the natural architecture of NN to deal with sequences.
NN where **connections between units form a directed cycle**. This creates an **internal state of the network** which allows it to exhibit **dynamic temporal behavior**. Unlike feedforward neural networks, RNNs can use their internal memory to process arbitrary sequences of inputs. This makes them applicable to tasks such as unsegmented connected handwriting recognition or speech recognition.
2 broad classes: finite impulse and infinite impulse (a finite impulse RNN can be unrolled and replaced with a strictly feedforward neural network)
RNNs suffer from the **vanishing gradient problem** that prevents
them from learning long-range dependencies. [#LSTMs](/tag/lstm_networks) improve upon this
by using a gating mechanism that allows for explicit memory deletes and
RNN in NLP:
- Goal: reprenting a sequence of words as dense vectors
- input: seq of words (or chars)
- ouput: a seq of hidden states with each a representation of the seq from the beginning to a specific posiition
- advantages: encoding sequential relationships and dependency among words
How does one apply deep learning to time series forecasting? - Quora(About) > I would use the state-of-the-art [recurrent nets](/tag/recurrent_neural_network.html) (using gated units and multiple layers) to make predictions at each time step for some future horizon of interest. The RNN is then updated with the next observation to be ready for making the next prediction
Embed, encode, attend, predict: The new deep learning formula for state-of-the-art NLP models | Blog | Explosion AI(About) > A four-step strategy for deep learning with text
> Word embeddings let you treat individual words as related units of meaning, rather than entirely distinct IDs. However, most NLP problems require understanding of longer spans of text, not just individual words. There's now a simple and flexible solution that is achieving excellent performance on a wide range of problems. After embedding the text into a sequence of vectors, bidirectional RNNs are used to encode the vectors into a sentence matrix. The rows of this matrix can be understood as token vectors — they are sensitive to the sentential context of the token. The final piece of the puzzle is called an attention mechanism. This lets you reduce the sentence matrix down to a sentence vector, ready for prediction.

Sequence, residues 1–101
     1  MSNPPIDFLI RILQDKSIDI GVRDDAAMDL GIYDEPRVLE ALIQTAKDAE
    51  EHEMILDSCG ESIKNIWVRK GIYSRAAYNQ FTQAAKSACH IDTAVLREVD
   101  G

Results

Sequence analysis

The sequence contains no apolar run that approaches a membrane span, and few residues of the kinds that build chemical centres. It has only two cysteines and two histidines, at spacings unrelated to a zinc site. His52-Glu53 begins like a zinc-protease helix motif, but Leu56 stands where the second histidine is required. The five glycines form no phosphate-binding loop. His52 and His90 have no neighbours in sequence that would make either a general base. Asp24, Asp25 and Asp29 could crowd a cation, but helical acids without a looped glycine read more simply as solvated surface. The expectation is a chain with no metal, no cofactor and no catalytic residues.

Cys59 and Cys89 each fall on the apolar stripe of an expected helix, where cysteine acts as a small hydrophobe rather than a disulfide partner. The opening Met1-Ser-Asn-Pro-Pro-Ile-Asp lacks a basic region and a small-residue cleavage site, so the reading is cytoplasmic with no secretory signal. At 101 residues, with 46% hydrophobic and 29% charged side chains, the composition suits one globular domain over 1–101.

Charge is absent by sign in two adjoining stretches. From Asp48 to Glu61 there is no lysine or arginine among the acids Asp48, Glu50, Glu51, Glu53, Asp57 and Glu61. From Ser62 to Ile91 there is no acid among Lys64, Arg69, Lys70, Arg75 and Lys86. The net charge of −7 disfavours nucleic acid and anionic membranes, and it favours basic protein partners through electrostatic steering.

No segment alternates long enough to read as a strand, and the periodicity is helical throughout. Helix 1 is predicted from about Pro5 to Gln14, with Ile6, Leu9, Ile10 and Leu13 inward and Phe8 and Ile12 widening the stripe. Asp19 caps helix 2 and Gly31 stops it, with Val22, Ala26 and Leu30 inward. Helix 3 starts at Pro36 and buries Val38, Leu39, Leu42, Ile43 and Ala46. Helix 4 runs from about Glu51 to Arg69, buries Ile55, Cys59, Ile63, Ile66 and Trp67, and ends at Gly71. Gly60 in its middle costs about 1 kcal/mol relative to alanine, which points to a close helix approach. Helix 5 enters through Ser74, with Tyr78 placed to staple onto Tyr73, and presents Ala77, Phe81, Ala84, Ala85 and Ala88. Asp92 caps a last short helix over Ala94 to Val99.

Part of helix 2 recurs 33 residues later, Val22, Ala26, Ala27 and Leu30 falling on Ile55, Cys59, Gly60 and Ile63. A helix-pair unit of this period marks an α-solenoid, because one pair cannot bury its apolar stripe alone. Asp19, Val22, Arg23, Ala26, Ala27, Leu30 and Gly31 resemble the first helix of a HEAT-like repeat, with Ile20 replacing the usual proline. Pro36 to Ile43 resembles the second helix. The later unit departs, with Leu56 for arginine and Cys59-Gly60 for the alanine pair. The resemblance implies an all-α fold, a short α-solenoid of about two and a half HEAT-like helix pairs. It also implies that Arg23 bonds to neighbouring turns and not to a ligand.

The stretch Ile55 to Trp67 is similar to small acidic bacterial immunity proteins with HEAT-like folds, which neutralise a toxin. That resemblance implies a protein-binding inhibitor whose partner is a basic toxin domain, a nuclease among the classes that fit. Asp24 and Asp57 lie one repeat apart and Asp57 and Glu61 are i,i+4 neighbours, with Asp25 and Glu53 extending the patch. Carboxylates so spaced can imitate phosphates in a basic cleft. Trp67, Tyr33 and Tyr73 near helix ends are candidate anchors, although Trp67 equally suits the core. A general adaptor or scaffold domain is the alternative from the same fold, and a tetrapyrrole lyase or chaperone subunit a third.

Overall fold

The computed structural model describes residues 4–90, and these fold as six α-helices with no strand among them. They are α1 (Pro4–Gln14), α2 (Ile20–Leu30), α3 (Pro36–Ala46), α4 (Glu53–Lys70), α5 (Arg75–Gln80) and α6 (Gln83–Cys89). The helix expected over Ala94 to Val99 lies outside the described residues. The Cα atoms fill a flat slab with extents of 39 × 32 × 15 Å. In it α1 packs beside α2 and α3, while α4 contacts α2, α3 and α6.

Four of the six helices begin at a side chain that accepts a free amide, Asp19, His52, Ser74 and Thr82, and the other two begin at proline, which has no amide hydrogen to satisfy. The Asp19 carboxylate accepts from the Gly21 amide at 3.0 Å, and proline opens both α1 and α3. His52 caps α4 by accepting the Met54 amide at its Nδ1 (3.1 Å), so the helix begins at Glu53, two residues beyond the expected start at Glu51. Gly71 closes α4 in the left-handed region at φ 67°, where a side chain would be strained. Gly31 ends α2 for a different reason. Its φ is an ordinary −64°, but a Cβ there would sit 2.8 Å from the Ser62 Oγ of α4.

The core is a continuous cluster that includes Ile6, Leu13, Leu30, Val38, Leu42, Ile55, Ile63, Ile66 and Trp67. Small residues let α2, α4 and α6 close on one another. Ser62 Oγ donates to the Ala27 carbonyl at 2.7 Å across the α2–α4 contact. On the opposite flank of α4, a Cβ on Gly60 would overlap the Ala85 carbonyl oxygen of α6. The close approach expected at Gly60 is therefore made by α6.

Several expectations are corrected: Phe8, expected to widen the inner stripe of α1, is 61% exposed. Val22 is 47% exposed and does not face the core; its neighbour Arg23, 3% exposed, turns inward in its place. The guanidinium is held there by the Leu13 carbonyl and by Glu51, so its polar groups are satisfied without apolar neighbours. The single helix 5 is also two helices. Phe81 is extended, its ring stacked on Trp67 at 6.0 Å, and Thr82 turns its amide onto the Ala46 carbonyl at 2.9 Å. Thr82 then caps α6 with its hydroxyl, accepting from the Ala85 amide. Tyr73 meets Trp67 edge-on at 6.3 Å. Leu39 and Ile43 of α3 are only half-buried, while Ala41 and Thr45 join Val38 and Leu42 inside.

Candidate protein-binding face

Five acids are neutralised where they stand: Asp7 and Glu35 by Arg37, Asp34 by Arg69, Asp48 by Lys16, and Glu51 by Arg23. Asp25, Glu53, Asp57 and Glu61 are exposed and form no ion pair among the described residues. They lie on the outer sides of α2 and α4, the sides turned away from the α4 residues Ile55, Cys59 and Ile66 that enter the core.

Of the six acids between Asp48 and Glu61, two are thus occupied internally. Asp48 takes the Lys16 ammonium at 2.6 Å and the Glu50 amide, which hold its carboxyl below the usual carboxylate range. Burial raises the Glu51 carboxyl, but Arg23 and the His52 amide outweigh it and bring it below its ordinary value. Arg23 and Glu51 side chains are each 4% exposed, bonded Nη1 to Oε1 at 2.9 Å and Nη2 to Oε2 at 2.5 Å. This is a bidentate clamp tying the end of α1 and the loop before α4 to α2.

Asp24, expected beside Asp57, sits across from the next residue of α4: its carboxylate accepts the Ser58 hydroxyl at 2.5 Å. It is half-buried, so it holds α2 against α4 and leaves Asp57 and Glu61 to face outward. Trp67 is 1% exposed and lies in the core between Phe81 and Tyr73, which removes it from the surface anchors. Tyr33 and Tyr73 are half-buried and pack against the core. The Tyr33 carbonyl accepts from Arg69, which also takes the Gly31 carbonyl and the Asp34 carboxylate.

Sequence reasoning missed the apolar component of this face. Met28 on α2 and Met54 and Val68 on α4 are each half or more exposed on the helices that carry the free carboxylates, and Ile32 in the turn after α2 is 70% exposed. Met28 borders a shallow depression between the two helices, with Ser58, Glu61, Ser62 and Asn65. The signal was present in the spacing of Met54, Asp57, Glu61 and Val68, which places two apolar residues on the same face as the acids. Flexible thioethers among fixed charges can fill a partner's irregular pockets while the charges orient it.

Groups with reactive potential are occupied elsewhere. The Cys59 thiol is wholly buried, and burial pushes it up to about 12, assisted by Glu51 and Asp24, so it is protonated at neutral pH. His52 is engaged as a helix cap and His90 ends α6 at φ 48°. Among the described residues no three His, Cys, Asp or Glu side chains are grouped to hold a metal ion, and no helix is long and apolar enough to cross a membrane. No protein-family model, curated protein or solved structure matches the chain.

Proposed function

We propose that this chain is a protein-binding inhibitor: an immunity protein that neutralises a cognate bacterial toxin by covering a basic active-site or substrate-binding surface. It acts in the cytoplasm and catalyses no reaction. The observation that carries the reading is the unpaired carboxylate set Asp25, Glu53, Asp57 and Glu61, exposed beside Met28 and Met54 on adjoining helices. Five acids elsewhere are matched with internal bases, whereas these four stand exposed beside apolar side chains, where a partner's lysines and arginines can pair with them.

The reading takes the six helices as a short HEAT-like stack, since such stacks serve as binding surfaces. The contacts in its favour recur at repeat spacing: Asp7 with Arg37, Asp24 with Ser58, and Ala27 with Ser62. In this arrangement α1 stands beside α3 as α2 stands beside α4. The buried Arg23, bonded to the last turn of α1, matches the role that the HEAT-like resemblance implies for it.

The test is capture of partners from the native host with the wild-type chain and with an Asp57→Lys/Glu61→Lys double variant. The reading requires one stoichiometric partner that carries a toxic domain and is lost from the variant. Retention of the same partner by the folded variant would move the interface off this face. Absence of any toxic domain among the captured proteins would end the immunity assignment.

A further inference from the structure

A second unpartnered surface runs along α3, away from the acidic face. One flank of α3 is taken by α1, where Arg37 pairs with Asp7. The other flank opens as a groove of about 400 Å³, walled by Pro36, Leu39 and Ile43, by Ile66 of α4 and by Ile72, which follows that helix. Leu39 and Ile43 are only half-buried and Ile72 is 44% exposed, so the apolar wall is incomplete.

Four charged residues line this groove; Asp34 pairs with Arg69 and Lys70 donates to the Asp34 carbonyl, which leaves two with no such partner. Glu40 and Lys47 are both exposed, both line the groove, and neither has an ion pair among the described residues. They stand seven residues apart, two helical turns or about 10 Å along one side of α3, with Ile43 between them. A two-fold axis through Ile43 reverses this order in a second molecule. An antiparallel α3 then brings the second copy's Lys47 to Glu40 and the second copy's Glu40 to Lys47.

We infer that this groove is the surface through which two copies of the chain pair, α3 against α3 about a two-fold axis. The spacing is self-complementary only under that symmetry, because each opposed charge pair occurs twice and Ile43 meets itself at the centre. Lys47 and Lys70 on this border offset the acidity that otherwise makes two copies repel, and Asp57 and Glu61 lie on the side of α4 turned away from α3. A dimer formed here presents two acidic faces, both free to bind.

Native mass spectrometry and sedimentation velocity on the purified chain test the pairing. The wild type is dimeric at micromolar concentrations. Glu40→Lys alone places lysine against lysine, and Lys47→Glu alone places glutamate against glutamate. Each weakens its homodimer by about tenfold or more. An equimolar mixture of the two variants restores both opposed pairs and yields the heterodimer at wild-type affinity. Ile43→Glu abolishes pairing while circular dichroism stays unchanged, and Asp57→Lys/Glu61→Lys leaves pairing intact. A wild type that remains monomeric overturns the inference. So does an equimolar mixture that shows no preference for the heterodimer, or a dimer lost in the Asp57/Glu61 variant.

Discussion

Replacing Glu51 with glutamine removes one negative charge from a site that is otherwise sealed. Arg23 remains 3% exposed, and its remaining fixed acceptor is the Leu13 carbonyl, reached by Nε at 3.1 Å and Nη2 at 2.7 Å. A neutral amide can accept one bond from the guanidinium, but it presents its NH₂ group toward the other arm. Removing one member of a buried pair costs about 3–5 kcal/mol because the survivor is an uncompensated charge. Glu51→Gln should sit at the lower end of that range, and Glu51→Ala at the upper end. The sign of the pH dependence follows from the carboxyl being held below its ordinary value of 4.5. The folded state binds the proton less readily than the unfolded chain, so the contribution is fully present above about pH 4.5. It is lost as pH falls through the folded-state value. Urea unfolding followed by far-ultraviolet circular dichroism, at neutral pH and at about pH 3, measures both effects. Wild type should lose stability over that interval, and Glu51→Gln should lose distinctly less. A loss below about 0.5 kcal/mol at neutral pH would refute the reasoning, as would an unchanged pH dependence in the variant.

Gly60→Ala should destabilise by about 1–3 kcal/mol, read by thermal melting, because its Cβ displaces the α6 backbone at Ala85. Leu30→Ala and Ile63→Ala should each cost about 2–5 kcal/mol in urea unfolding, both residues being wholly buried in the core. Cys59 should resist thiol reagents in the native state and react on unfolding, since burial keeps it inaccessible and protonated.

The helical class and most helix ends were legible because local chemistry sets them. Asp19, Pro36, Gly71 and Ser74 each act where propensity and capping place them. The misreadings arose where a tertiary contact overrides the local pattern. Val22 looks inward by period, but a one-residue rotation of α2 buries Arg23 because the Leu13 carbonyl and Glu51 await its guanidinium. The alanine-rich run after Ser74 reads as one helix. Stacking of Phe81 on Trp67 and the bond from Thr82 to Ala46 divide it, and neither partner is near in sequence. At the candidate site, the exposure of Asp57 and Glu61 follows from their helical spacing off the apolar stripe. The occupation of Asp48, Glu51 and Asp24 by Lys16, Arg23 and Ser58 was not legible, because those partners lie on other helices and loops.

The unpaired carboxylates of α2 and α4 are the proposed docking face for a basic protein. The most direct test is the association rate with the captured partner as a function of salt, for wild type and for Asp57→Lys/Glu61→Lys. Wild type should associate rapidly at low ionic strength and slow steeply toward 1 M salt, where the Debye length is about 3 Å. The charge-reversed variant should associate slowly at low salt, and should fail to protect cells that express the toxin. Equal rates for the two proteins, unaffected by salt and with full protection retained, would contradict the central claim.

Recurrent Memory Network for Language Modeling (2016)(About) Recurrent Neural Networks (RNN) have obtained excellent result in many natural language processing (NLP) tasks. However, understanding and interpreting the source of this success remains a challenge.
In this paper, we propose Recurrent Memory Network (RMN), a novel RNN architecture, that not only amplifies the power of RNN but also facilitates our understanding of its internal functioning and allows us to discover underlying patterns in data.
We demonstrate the power of RMN on language modeling and sentence completion tasks.
On language modeling, RMN outperforms Long Short-Term Memory (LSTM) network on three large German, Italian, and English dataset. Additionally we perform in-depth analysis of various linguistic dimensions that RMN captures. On Sentence Completion Challenge, for which it is essential to capture sentence coherence, our RMN obtains 69.2% accuracy, surpassing the previous state-of-the-art by a large margin.
Recurrent Neural Networks Tutorial, Part 1 – Introduction to RNNs | WildML(About) The idea behind RNNs is to make use of sequential information. In a traditional neural network we assume that all inputs (and outputs) are independent of each other. But for many tasks that’s a very bad idea. If you want to predict the next word in a sentence you better know which words came before it. RNNs are called recurrent because they perform the same task for every element of a sequence, with the output being depended on the previous computations. Another way to think about RNNs is that they have a “memory” which captures information about what has been calculated so far. In theory RNNs can make use of information in arbitrarily long sequences, but in practice they are limited to looking back only a few steps